Auf der Arbeit siezen wir uns.
At work, we use the formal “you” with each other.
A few formal settings where it would be appropriate for you to use Sie are:
- When dealing with someone in authority (e.g. you’re pulled over by a cop for speeding)
- In bureaucratic settings (e.g. you’re applying for a visa extension)
- In a formal educational setting addressing your professor
In the workplace in Germany, most people prefer the more formal Sie over the informal du. In small companies where most workers are young (e.g. a tech startup), you might address each other with du.
You use Sie with strangers, especially when they are older.
If you refer to a group of people in a formal setting, the pronoun is the same, Sie.
Note: Be careful to not confuse Sie, the formal “you” with sie, the pronoun for “they” and “she”. What’s the difference, you wonder? Sie (formal you) always starts with a capital s, and sie (they, she) doesn’t.
Take a look at some examples of Sie as the formal “you” in German.
- Wann kann ich Sie anrufen?
- Möchten Sie in ein Restaurant gehen?
- When can I call you (formal)?
- Would you (plural, formal) like to go to a restaurant?
Proper Etiquette for Using You in German
Getting the German etiquette down for using you in German is an easy way to show respect, and to avoid casually offending someone you’ve just met.
When you first meet a person it is safe to start with Sie. When a person begins addressing you with du, you can follow their lead, if you are comfortable with it, or remain with the formal pronoun Sie, if that is your preference.
Once you get to know someone better, it is probable that the person offers you the du, which is called das Du anbieten. It is expected that the older person offers the younger person the du, not the other way around.
Here is das Du anbieten used in a sentence.
Mein Chef hat mir heute das Du angeboten.
My boss offered me a “du” today.
(Note: Du is capitalised above as it’s a noun, not a pronoun.)
In the workplace, superiors use du with employees. And in the workplace, even between peers of the same age, an employee will use Sie with the one of longer tenure.
It is considered rude to address someone with du when it hasn’t been offered to you and you are a subordinate. Most companies however have a policy which they will let you know about upfront. Just a little insight in case you plan to work in Germany!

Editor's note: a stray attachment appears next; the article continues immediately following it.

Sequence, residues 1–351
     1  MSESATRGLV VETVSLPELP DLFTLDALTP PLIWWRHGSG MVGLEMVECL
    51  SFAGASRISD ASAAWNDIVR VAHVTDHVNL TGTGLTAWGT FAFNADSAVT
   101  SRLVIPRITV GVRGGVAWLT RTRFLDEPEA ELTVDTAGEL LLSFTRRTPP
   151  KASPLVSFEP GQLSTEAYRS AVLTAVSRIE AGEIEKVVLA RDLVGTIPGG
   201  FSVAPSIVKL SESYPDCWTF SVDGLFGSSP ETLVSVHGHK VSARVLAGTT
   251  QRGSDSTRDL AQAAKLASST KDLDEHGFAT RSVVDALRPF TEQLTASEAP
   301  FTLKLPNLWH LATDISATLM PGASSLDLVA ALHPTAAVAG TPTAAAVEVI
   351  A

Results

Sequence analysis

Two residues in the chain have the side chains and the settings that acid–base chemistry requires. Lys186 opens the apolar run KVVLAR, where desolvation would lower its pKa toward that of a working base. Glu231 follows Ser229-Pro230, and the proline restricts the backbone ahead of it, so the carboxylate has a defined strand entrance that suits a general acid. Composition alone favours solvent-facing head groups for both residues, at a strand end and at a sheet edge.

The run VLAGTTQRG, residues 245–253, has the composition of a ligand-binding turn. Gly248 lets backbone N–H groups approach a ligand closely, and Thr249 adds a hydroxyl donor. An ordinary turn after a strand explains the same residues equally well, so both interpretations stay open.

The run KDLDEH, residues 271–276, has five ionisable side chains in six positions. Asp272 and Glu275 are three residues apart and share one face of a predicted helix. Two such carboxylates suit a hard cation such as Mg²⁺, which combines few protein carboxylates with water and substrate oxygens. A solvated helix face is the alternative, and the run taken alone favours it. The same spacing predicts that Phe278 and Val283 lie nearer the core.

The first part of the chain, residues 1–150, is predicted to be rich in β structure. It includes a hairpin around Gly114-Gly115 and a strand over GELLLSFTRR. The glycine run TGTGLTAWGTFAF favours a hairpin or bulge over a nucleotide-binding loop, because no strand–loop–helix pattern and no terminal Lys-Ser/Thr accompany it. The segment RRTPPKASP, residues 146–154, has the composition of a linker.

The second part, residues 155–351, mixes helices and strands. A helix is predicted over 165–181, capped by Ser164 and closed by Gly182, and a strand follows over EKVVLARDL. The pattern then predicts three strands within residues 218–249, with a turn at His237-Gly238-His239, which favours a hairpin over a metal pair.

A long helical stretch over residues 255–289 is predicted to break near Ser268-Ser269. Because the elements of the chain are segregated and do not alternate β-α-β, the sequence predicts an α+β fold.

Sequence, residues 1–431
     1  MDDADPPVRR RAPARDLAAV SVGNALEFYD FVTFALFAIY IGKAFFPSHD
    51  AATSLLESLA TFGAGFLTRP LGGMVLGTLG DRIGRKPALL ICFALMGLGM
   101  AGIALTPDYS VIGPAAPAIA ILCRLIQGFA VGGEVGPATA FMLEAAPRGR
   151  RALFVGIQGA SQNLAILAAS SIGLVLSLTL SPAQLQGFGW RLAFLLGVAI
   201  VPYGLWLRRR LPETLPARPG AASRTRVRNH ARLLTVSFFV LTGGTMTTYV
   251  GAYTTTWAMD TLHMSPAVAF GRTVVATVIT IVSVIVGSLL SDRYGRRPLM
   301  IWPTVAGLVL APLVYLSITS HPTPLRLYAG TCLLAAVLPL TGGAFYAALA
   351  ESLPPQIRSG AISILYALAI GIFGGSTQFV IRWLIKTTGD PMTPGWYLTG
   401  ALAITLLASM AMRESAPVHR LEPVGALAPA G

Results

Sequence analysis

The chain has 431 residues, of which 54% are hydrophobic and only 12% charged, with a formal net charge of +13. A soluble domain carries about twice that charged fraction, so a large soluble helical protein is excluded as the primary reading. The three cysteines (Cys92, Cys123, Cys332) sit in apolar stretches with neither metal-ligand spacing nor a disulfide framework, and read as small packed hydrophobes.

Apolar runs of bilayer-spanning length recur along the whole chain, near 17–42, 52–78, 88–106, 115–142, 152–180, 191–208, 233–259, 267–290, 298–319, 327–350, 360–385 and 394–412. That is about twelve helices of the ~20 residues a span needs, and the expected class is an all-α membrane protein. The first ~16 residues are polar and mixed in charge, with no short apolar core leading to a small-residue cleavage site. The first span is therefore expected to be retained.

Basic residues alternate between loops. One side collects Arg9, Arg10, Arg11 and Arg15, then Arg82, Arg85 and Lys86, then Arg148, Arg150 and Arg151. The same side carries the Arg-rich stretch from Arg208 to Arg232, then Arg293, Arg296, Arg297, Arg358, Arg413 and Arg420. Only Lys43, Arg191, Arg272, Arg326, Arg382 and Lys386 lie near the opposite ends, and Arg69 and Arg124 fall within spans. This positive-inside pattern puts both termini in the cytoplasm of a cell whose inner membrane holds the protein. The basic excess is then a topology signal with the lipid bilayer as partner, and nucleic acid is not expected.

If you’re still confused, this article goes quite in-depth into when to use Sie and du.
“You” in German in other cases: “to you”, “with you”, etc.
If you’ve done much German study before, you will have come across other cases of German — nominative, accusative, and so on.
The above examples are all with the word “you” as the subject. But just like in English, “you” can appear in other parts of the sentence.
In English, we don’t think about cases. It’s rarely even taught. But you know intuitively that the following sentences sound weird:
- “Would you like to go to the movies with I?” (should be me)
- “What delicious sandwiches! Let’s eat they for lunch!” (should be them)
It’s the same in German — the form of “you” changes when it’s in a different part of a sentence, typically after a preposition (like “with”), or as the object of a verb.
Here’s a summary table of “you” in German in the different cases.
I strongly suggest you learn these via examples. The reason for this is that we personally try to avoid complex grammar terminology. Memorising rules can quickly become an obstacle to fluency — learning phrases is faster.
A second reason to avoid thinking in cases at the early stage is that knowing which case to use cannot be trivially summarised. Yes, you can say “accusative = direct object, dative = indirect object”, but the reality is that you chose the case depending on the particle or the verb — and it’s not intuitive (to a non-native speaker.
Here’s the summary table anyway, but see the example sentences later.